Wahkhen’s musical legacy goes unnoticed
WAHKHEN: Wahkhen has been in news for some time now for the villagers’ engineering wonder, a 1.8-km-long bamboo bridge to Mawryngkhang rock. But there is more to this quaint village in Pynursla civil sub-division that can leave an outsider awestruck.
Located at a distance of 48km from the city, Wahkhen is known for its music. At a cultural meet at Wahkhen on Sunday, where several media persons were invited, the villagers demonstrated how they are protecting their identity from the onslaught of modernisation.
The village has some of the finest Khasi traditional musicians like National award-winner Komik Khongjirem and Rojet Buhphang. The children of the village learn to hold the Tangmuri and the Ksing even before they could hold a pen properly. The music school in the village grooms both boys and girls to become protectors of Khasi culture and tradition. The musical instruments are also made here.
Wahkhen is probably among a handful of villages in Khasi Hills which practice age-old indigenous customs and rituals.
The several episodes of the programme, organised under the supervision of Khongjirem, not only gave an insight into the villagers’ daily life but also showed how music is an intrinsic part of it.
While the traditional instruments grieved during Ka Nguh Mei Kha (thanksgiving to grandmother), they made the feet tap during kiew iing thymmai (house warming ritual) under the direction of the expert musicians. Buhphang’s young students were also among the stars of the programme.
Music forms a part of the villagers’ daily conversation too. Like Kongthong, Wahkhen practices the tradition of according a tune to a child’s name. So when two villagers, separated by fields and forest, converse, they take the help of music and call out the unique tunes for their names.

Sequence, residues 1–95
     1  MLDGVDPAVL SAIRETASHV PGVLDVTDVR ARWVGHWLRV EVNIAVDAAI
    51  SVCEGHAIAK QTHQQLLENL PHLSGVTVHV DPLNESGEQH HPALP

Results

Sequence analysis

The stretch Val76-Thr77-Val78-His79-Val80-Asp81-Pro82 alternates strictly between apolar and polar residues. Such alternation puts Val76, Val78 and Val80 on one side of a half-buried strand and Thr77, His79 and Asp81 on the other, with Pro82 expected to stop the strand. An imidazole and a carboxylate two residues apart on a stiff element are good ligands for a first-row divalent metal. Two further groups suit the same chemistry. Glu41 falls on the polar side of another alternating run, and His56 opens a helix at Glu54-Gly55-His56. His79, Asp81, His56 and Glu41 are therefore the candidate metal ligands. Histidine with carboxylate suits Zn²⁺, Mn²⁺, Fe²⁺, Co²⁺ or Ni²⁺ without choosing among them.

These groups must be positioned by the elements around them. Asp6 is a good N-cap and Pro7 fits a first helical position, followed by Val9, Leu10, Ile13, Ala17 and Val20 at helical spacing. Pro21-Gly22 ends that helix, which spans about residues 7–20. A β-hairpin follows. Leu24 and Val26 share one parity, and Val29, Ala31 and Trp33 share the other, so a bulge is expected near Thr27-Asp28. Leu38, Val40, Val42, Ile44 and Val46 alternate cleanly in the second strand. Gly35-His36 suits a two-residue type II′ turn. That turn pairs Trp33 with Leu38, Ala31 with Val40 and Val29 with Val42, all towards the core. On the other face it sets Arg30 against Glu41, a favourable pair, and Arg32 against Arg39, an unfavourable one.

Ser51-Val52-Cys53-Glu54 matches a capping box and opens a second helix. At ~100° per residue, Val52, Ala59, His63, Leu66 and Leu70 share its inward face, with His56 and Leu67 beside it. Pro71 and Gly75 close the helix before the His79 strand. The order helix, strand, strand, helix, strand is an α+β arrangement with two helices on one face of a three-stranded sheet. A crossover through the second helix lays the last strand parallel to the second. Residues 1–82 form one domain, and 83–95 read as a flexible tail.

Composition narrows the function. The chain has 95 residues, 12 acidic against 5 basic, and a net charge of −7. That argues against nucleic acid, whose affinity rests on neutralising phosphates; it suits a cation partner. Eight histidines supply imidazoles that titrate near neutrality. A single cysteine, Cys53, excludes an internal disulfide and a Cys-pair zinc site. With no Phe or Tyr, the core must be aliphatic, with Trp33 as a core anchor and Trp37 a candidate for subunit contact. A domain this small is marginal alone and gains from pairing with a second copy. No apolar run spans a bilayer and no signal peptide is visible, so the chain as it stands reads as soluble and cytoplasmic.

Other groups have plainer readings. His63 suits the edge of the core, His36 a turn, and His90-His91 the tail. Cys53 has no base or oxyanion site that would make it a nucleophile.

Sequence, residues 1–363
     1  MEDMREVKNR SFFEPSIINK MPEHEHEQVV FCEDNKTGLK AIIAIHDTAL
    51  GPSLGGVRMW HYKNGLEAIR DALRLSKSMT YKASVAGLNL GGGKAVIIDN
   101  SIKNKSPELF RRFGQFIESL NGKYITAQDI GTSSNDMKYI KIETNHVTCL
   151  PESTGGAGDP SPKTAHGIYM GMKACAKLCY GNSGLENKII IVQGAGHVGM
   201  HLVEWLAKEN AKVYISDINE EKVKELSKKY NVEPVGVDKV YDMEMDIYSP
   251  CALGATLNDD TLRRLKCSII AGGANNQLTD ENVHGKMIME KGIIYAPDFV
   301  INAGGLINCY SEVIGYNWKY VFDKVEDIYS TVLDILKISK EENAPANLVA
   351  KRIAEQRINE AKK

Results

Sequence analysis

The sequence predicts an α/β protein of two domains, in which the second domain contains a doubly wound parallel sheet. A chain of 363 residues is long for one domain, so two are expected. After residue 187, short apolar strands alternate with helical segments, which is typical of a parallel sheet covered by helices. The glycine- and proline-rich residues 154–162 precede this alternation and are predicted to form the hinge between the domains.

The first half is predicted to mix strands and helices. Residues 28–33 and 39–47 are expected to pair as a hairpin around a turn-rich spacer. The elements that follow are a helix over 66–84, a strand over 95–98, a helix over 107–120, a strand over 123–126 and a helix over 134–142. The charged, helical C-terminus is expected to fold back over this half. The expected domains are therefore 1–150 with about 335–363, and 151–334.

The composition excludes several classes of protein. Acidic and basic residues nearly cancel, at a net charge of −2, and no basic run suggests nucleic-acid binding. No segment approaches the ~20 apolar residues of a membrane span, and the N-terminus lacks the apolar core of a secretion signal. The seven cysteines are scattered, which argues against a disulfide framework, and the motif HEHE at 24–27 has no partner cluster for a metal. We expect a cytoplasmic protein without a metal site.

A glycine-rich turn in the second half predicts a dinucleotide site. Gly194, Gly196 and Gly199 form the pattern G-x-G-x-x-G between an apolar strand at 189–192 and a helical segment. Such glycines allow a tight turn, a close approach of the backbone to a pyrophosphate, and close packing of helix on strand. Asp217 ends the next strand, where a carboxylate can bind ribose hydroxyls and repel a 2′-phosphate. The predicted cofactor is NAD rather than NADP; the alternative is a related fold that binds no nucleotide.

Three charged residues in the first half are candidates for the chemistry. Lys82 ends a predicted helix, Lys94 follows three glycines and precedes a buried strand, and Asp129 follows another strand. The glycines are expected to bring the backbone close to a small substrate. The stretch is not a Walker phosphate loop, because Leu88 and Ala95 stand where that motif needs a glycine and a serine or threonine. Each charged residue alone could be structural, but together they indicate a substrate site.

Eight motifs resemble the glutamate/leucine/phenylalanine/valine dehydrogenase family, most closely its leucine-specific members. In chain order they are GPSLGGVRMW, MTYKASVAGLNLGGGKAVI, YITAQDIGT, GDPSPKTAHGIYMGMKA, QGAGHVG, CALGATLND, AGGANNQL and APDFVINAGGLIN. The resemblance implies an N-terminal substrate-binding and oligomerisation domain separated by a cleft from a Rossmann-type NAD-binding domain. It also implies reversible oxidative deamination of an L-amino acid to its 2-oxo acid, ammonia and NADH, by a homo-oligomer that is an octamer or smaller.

However, not many tourists coming to the village for the bamboo bridge trek know about the musical legacy of Wahkhen. The state government too has not been active enough to promote the talents here, complain many villagers.
“Neither there is any recognition for the musicians nor an attempt to promote traditional Khasi music in and outside the state. The village has been neglected for years,” said a villager on condition of anonymity.
Babu Kular Khongjirem, executive member of Sieng Riti Institute at Wahkhen, said the programme was aimed at preserving and promoting Khasi tradition and culture. “The youth are being taught about our culture so that they can protect it,” he added.
After losing their hope for state support, the prominent residents of Wahkhen have decided to approach the Ministry of Tribal Affairs, sources said.
The bamboo bridge that was damaged in several parts has been repaired. The villagers at Wahkhen said the bridge was repaired “by us without any help from the state government”.
Earlier, the Wahkhen Tourism Promoters Trekking Society had approached the government for fund to reconstruct the bridge. Heavy rainfall had washed away a part of the bridge over the Wah Umrew. “But now the bridge is again ready for trekkers,” said a villager.
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